Participants in the PI-based ART group (Lopinavir/ritonavir) were significantly younger than those in the non-PI based group (Efavirenz and Nevirapine), 8.5 years (SD ± 2.0) versus 9.5 years (SD ± 1.9), p = 0.03. The majority of the study participants in each group were female. More participants in the PI group started ART at age less than 3 years (n = 31, 91%) compared to those in the non-PI group (n = 26, 62%), p = 0.03 (Table 1). Participants in the PI-based ART group scored higher on the socioeconomic status score compared to their counterparts in the non-PI based ART group (7.4 ± 2.8 versus 5.7 ± 3.3, p = 0.02). There was no difference in the child years in school, MUAC or BMI for age between the two groups (Table 1). More children in the PI group were WHO stage 1 at initiation of ART than children in the non-PI group, p = 0.023, and nearly all children on each group were receiving co-trimoxazole prophylaxis (Table 1).

Table 1 Demographic and clinical characteristics of HIV infected children on antiretroviral therapy

Neurocognitive function among the participants

For the KABC-II, there was no difference mental processing index (p = 0.29), sequential (p = 0.05) or simultaneous processing (p = 0.19), learning (p = 0.46), or planning (p = 0.22) between the two groups (Table 2). There was no difference in D′ prime (p = 0.43), omission (p = 0.53) or commission errors (p = 0.24) in test of attention between the two groups (Table 2).

Table 2 Mean differences in neurocognitive outcomes between children taking protease inhibitor and non-protease inhibitor-based antiretroviral therapy

Participants in the PI group performed better than their non-PI based counterparts on motor control score (p = 0.016) and body coordination (p = 0.01), and total BOT score (p = 0.03). However there was no difference in manual coordination (p = 0.35), or strength and agility (p = 0.75) between the groups (Table 3).

Table 3 Mean differences in raw scores between children taking protease inhibitor and non-protease inhibitor-based antiretroviral therapy


The aim of this study was to compare the neurocognitive function of children living with HIV receiving PI-based ART to those receiving non-PI-based ART. Overall, there was no difference in neurocognitive scores of children in both groups on KABC-II and TOVA. Children receiving PI-based ART performed better than their counterparts in motor coordination and body coordination and had better BOT II total scores.

The KABC II and TOVA results are similar to findings by Bangirana et al despite the longer ART exposure to participants in this study [16]. However, while Bangirana et al found no difference between the two groups in the BOT score for motor assessment, this study found that the children in PI based art arm of performed better than their counterparts. This could be because we adjusted our analysis for age at initiation of ART. More children in PI based ART group started ART at age less than 3 years compared to the non-PI based ART group.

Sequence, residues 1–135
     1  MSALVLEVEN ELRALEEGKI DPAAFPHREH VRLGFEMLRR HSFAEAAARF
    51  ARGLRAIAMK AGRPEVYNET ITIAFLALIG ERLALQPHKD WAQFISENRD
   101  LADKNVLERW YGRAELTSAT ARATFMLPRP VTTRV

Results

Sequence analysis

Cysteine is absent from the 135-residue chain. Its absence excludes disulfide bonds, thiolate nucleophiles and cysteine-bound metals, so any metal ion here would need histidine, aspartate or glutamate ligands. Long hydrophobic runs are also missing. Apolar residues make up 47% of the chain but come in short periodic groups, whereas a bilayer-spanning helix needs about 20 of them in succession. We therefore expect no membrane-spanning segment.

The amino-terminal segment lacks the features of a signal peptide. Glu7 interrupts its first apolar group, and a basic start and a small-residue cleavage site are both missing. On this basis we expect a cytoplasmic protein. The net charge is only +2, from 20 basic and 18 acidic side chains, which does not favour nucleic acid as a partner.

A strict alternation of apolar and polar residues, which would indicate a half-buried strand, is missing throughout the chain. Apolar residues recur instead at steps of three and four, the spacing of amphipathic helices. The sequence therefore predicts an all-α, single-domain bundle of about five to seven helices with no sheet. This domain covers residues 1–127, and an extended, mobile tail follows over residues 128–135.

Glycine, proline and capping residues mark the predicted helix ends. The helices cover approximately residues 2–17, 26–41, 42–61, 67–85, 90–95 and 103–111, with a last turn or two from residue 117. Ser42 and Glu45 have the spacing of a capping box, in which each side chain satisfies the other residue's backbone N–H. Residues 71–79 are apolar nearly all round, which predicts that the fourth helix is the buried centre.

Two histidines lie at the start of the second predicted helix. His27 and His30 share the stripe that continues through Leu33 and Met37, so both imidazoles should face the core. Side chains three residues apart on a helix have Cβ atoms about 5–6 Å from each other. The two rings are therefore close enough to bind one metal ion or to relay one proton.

The absence of a difference in neurocognitive scores of children in both groups on KABC-II and TOVA could be explained by the use of combined ART. The possible consequences of the low CSF concentrations of individual ART drugs may be mitigated by combining the drugs. This theory is supported by Raskino et al’s finding that combination of zidovudine and didanosine (both nucleoside reverse transcriptase inhibitors) had more neurocognitive benefit to children than didanosine monotherapy [25]. Furthermore, the study by Van den Hoff et al also suggests that despite the CSF concentration of PIs (lopinavir) being lower than those of non-PIs (Efavirez and Nevirapine), both drug concentrations were within therapeutic range [9].

The comparability of neurocognitive scores of children in both PI and non-PI groups on KABC-II and TOVA could also be explained by the fact that the children in this study had been on ART for relatively longer than otherwise younger children and had more years of school, which reduces neurocognitive impairment [11].

The findings from this pilot study imply that non-PI based ART offers no neurocognitive benefit over PI-based ART in children. However, it is possible that no difference was detected because the sample size for the study was too small to detect small differences. This is supported by the better motor coordination, body coordination and total BOT scores in the PI group compared to their non PI group, even in this small sample. A larger sample size would be able to detect small differences in neurocognitive function between the two groups. This could have significant implications on the choice of ART regimen offered to children living with HIV. The ART regimen with a neurocognitive advantage over the other gives children a better chance at a fully productive life as adults.